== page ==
Plenary speakers

Confirmed plenary speakers are:

Karen Englander, Ph.D., is an applied linguist with a focus on the policies, practices and pedagogies that affect plurilingual scholars seeking to publish their research in English. In addition to a dozen peer-reviewed papers and two published books (Writing Science in a Second Language, with David Hanauer, and Writing and Publishing Scientific Research Papers in English), she is collaborating with James Corcoran in the forthcoming book Critical Pragmatism and Scholarly Writing: Enacting Critical Plurilingual Pedagogies, and co-editing the forthcoming book Pedagogies and Policies on Publishing Research in English: Local Initiatives Supporting International Scholars (with James Corcoran and Laura Muresan). She is a former professor at the Universidad Autónoma de Baja California, Mexico, and York University in Toronto, Canada. 

Title: Resistance, Resignation, Appropriation, Deception: Agency in the Figured World of the Scholar in the Periphery

 

Dr. Anna Kristina Hultgren is Senior Lecturer in English Language and Applied Linguistics at The Open University, UK. She was educated at the Universities of Oxford (DPhil) and Copenhagen (MA), with visiting periods at Trinity College, Dublin, and University of Quebec. Kristina has been involved in researching English as an academic language since it began to take off in the Nordic countries. She was PI on the project Domain loss in Danish: Rhetoric or Reality? (funded by the Danish Research Council 2010-2012); a member of the Nordic Council-funded network Parallel Language Use at the Universities of the Nordic Countries (2011-2013); and a partner of the Leverhulme Trust-funded network English in Europe: Opportunity or threat? (2012–2014). She is author of the report Parallellingualism at Danish Universities: a status report 2013, has co-edited the volumes English in Nordic Universities and English-Medium Instruction in European Higher Education and written numerous journal articles.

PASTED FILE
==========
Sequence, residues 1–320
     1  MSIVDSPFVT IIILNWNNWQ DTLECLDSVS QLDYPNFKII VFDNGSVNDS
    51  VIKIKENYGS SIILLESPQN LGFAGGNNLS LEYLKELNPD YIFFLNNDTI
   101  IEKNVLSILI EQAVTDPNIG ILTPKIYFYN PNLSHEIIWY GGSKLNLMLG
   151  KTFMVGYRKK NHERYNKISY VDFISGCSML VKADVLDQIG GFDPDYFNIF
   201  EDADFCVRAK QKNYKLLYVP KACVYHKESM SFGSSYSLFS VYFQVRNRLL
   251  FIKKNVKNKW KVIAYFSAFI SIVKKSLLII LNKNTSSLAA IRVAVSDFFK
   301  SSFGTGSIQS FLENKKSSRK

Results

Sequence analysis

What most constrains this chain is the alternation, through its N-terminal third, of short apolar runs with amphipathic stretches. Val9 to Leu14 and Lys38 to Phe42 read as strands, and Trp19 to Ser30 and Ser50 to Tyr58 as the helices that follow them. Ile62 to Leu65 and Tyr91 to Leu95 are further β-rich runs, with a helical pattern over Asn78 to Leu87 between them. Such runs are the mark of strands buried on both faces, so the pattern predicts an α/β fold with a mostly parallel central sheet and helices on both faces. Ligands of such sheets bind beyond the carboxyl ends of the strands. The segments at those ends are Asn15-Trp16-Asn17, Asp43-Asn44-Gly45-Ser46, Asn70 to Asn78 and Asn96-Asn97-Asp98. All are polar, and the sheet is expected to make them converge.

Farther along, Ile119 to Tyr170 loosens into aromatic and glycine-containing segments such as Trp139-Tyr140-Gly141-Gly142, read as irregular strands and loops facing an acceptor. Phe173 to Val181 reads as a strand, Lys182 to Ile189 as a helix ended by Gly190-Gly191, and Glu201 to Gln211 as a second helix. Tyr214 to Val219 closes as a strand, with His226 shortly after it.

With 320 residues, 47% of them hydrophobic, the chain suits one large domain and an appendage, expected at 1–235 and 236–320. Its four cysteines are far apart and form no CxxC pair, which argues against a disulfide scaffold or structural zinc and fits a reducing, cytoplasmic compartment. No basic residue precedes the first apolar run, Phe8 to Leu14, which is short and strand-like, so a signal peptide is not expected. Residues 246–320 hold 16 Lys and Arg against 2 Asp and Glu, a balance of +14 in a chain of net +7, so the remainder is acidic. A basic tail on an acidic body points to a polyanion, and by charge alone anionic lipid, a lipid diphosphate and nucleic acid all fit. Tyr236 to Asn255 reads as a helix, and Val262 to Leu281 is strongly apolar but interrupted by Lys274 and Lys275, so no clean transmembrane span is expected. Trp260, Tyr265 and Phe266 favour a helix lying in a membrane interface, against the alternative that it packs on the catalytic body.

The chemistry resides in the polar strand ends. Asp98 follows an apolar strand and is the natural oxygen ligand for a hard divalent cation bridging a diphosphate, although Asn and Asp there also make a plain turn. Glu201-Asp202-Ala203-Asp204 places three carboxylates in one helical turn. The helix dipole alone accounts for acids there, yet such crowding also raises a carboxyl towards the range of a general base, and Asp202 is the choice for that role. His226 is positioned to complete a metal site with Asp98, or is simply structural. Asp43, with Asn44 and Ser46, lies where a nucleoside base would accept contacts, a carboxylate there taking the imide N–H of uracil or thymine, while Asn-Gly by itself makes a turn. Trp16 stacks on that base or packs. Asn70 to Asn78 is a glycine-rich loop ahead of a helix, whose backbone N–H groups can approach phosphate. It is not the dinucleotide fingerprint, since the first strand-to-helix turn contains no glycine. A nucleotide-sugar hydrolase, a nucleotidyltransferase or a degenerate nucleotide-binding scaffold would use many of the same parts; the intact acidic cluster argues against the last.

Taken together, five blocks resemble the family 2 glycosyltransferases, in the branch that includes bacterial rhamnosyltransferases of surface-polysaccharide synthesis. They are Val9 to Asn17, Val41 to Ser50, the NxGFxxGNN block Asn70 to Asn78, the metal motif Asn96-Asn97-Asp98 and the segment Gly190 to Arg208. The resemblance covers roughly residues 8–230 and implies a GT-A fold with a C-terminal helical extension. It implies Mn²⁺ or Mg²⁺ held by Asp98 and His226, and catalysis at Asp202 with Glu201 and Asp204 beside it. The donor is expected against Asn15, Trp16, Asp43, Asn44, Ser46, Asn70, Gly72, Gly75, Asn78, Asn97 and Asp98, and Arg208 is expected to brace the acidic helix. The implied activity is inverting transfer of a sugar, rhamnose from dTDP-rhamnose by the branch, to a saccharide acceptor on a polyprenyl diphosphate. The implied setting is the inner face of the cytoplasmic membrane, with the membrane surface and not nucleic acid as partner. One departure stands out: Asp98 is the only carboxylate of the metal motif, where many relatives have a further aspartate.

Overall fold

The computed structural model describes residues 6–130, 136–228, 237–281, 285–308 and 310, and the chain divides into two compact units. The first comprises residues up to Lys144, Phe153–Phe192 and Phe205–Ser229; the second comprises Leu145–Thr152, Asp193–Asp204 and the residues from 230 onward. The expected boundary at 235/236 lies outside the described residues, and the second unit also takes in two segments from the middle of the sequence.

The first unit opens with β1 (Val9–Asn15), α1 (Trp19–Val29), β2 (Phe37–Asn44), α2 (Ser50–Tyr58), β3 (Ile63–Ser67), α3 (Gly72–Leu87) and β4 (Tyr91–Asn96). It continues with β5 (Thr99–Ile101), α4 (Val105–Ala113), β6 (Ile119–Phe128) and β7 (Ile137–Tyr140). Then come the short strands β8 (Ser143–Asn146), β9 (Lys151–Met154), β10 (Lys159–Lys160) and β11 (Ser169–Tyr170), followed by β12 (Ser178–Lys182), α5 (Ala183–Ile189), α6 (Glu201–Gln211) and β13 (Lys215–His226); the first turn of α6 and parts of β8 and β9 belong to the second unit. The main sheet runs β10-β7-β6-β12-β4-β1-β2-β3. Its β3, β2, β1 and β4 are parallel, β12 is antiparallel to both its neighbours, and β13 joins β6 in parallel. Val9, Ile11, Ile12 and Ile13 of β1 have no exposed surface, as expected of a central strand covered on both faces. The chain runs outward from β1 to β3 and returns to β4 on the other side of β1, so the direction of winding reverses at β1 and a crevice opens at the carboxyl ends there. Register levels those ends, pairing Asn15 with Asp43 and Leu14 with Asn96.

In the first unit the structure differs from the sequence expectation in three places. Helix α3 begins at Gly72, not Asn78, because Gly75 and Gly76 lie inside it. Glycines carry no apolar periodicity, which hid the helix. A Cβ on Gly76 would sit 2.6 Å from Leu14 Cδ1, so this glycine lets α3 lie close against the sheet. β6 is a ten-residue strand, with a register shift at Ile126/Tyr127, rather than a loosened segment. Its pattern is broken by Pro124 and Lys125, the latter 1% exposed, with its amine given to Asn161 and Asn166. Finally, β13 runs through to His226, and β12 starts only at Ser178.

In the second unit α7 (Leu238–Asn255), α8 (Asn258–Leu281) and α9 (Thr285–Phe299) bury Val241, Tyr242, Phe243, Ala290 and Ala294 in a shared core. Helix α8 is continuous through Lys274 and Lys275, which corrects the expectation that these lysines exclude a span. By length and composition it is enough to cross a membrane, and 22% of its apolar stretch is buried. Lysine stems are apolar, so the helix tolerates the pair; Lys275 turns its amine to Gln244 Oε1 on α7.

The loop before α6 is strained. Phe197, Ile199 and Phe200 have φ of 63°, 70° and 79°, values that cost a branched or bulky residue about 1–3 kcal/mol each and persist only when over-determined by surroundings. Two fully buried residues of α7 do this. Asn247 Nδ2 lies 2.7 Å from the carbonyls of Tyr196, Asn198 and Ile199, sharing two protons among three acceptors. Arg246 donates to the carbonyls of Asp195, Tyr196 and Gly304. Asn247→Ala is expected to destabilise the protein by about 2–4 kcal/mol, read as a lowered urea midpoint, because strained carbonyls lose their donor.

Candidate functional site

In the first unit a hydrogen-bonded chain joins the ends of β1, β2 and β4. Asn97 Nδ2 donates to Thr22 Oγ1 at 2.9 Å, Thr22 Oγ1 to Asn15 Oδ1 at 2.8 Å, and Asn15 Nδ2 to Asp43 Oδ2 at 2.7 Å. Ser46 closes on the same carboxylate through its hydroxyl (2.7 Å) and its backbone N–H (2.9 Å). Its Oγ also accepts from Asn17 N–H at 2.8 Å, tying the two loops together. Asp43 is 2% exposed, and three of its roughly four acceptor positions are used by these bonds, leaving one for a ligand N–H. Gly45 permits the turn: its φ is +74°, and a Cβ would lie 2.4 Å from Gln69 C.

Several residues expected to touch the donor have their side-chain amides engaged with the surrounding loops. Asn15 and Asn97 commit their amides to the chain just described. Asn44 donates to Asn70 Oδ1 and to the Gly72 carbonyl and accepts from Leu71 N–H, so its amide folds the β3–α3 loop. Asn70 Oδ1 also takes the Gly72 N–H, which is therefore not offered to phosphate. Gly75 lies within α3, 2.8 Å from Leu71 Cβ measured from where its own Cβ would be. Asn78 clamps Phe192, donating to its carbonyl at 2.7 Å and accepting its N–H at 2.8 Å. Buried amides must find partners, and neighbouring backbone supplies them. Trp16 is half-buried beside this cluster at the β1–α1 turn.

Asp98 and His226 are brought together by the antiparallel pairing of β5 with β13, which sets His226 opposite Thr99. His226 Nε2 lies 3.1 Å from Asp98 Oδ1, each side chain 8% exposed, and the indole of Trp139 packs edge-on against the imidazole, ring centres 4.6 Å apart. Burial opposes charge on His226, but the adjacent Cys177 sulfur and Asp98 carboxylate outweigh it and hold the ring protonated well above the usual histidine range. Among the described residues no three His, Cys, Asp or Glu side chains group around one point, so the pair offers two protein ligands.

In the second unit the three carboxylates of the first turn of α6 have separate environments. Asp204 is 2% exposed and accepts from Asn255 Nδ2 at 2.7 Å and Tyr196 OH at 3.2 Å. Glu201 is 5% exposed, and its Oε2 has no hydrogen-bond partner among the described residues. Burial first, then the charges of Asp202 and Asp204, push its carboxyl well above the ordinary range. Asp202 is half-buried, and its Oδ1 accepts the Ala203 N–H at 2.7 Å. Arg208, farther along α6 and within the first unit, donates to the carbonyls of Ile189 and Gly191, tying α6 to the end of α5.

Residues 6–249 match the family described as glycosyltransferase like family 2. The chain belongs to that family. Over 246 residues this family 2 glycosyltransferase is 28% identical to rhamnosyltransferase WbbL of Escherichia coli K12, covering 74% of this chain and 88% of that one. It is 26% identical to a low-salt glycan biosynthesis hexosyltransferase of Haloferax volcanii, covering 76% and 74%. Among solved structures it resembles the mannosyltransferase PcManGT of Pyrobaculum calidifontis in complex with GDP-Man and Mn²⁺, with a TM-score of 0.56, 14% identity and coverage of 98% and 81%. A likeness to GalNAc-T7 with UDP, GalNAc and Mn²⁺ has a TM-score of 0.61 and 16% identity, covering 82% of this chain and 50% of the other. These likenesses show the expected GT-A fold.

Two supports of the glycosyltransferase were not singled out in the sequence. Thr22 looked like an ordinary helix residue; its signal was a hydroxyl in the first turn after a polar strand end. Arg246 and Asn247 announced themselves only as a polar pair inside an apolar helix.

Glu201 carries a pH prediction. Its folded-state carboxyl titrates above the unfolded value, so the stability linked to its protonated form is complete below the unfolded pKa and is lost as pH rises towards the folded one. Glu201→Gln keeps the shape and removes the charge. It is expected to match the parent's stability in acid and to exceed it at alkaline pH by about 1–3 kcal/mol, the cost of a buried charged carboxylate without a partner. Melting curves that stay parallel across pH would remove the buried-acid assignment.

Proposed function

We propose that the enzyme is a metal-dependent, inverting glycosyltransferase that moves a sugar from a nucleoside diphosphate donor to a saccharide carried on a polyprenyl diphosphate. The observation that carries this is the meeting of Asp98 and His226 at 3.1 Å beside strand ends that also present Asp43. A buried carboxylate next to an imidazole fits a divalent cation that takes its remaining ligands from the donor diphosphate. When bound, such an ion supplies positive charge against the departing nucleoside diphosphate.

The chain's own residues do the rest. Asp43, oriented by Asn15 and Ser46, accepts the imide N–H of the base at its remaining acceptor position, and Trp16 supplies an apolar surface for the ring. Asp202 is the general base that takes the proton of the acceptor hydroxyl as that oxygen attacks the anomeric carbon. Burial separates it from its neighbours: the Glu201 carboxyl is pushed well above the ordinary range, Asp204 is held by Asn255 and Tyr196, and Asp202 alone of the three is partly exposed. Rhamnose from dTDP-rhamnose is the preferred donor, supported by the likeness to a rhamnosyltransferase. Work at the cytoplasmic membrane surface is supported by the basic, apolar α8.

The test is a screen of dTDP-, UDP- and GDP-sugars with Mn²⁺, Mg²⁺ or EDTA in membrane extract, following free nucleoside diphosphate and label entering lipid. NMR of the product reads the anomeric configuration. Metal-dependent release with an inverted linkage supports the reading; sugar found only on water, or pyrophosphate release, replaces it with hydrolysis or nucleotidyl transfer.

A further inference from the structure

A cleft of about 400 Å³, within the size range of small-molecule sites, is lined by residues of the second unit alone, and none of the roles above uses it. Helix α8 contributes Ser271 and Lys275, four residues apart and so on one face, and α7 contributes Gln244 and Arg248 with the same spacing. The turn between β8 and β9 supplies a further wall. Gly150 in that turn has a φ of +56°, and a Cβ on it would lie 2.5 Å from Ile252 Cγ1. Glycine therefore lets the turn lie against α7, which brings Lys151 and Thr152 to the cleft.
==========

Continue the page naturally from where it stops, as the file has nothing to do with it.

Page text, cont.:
Title: The rise of English as the language for academic publication: On equity, disadvantage and ‘non-nativeness’ as a red herring.

Dr. Hafdís Ingvarsdóttir is Professor of Language Education at the University of Iceland where she led the Teacher Education Program for a number of years. She was educated at University of Iceland (BA) and The University of Reading (MA and PhD.) and has been a visiting scholar at the University of Sydney, Brock University in Ontario, Canada and at the University of Copenhagen. Her main areas of inquiry are teacher education and teacher cognitions with special emphasis on foreign language learning and teaching. She has for the last few years mainly been involved in two nationwide longitudinal research projects: A study investigating pedagogical practices in upper-secondary schools, and a nationwide project on the status and use of English in Iceland. There she was particularly interested in how University professors experience the pressure of having to publish their research in English in international journals (ERPP). The results from the research project have just been published in a book “Language Development across the Life Span” and will be the focus of her talk. Hafdís’ work has been has published in international refereed journals and book chapters and she has co-edited two books on English in Iceland. In 2016 she was awarded an international reward by FIPLV (Fédération Internationale des Professeurs de Langues Vivantes) for her contribution to foreign language teaching and learning.  

Title: Identity, authenticity and authorial voice: Personal narratives from a journey to the “Promised Land”.

TBA: Invited panels and round tables

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